Regulations tighten on horses entering North DakotaAn outbreak of an equine disease at a cutting horse event in Utah has prompted the North Dakota Board of Animal Health to change the regulations regarding horses visiting the state.
By: Keith Norman, The Jamestown Sun
An outbreak of an equine disease at a cutting horse event in Utah has prompted the North Dakota Board of Animal Health to change the regulations regarding horses visiting the state.
While the disease can be deadly to horses, it is not communicable to humans.
Dr. Susan Keller, North Dakota state veterinarian, said the new rules require any horse entering the state have a health certificate. Previous regulations exempted horses in the state for less than seven days, such as those attending a horse show or event, from the health certification requirement.
“At a cutting horse event in Ogden, Utah a horse had the neurotropic form of Equine Herpes Virus,” Keller said. “This horse exposed horses around it with 32 becoming ill and 10 that died or were euthanized.”
Secondary exposure (horses exposed to horses exposed in Utah) has also caused illness and led to some deaths. The disease is continuing to spread as more horses are exposed.
“Right now there are no cases in North Dakota,” Keller said. “But we wanted to reinforce the health certificate requirement and closed the rule concerning horses in the state for seven days or less.”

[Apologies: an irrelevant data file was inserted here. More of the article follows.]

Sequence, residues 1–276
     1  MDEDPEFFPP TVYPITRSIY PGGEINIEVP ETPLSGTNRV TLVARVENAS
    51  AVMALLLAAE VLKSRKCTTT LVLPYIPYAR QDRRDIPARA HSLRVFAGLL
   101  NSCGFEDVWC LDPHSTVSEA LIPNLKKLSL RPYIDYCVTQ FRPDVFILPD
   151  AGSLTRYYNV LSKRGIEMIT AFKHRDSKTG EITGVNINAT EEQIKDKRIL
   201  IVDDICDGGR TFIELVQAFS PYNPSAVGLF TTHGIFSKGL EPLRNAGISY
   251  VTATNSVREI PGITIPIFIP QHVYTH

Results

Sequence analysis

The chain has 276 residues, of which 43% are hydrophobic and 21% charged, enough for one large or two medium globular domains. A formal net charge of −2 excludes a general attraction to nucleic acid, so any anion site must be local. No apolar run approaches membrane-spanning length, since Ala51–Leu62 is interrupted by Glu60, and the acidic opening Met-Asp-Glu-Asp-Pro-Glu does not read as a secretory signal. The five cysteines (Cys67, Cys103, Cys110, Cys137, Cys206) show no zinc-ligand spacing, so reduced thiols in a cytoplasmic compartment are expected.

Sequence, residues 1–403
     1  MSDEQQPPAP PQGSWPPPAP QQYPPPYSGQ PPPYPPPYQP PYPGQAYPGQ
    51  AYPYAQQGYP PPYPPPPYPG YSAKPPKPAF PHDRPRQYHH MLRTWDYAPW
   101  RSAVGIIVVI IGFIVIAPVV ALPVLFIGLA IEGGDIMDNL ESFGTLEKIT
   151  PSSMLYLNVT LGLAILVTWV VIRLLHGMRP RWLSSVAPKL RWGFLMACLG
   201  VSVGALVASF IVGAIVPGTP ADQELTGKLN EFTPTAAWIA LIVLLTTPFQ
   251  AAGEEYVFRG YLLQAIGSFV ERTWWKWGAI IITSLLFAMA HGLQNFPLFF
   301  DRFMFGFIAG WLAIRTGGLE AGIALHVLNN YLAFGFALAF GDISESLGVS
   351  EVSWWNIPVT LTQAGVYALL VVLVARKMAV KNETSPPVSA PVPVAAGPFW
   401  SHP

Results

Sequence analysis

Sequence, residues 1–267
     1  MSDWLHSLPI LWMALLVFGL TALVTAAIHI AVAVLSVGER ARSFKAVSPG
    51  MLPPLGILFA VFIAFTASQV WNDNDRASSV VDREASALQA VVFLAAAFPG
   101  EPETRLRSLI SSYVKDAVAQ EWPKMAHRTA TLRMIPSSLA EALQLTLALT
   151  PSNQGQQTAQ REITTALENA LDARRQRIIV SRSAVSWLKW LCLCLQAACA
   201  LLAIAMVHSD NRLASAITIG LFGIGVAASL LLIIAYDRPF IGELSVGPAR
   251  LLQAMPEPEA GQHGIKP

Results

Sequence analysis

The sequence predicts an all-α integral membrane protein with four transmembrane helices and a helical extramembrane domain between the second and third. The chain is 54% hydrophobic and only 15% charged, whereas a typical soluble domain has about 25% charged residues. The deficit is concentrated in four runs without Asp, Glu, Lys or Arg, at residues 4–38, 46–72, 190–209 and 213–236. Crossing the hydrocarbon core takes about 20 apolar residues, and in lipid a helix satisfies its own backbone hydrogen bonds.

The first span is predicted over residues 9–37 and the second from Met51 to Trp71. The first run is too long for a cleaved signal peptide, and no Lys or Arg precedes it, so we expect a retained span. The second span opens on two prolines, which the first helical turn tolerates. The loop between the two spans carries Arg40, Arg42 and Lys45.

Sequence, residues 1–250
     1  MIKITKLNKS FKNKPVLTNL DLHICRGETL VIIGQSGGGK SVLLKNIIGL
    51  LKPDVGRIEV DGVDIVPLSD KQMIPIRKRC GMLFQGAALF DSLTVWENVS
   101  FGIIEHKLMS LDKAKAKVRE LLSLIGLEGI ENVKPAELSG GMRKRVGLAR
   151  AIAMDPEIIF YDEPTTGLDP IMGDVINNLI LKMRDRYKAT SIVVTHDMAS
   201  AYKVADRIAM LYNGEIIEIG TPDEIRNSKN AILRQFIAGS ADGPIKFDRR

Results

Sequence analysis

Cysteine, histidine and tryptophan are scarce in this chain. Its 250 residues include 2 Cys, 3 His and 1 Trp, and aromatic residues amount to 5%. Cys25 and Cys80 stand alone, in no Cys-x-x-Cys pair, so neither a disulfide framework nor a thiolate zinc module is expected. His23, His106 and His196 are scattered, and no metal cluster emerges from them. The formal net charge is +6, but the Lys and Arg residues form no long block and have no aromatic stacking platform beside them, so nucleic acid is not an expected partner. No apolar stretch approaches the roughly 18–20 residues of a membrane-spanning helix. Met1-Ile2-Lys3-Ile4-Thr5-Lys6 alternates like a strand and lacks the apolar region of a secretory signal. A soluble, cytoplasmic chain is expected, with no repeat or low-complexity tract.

The neurotropic form of the Equine Herpes Virus is one form of the disease. A vaccine exists for EHV-1 but effectiveness against the neurotropic form is questionable.
“The vaccines are still being evaluated,” she said. “They may help but I don’t think anyone is saying they prevent the neurological form of EHV.”
In the meantime, horse owners are being advised to keep tack and feed equipment clean and refrain from exposing their horses to other horses. They should use a disinfectant of one part chlorine bleach and 10 parts water to wash trailers, stalls, water and feed troughs.
“It is transmitted by saliva and nasal discharge,” Keller said. “A horse cough or sneeze can spread the virus to animals and surfaces up to 35 feet away.”
Monitoring the animals is also important. Early treatment — usually supportive measures such as fluids and anti-inflammatory medicines — needs to be started early in the course of the disease.
“Look for weakness in the rear end and staggering,” Keller said. “Any sign that indicates the animal is loosing nerve function like urine dribbling. Any unusual signs; contact a veterinarian immediately.”
A three-week monitoring period after any possible exposure is recommended.
Keller cautions that the health certificate requirement is not a guarantee North Dakota will remain free of the disease.
“It can be a latent infection and remain silent until some stress brings it out,” she said. “Some silent cases like that can become clinical when the animal is under stress.”
Another factor is North Dakota horses traveling to horse shows in other states. There is no health-certificate requirement for a horse to return to North Dakota after a show where it may have been exposed.
The disease has been reported in Arizona, California, Colorado, Idaho, New Mexico, Nevada, Oklahoma, Oregon, Utah and Washington.
“Stopping the movement of affected horses is really the only way to stop the spread,” Keller said.
Sun reporter Keith Norman can be reached at (701) 952-8452 or by e-mail at email@example.com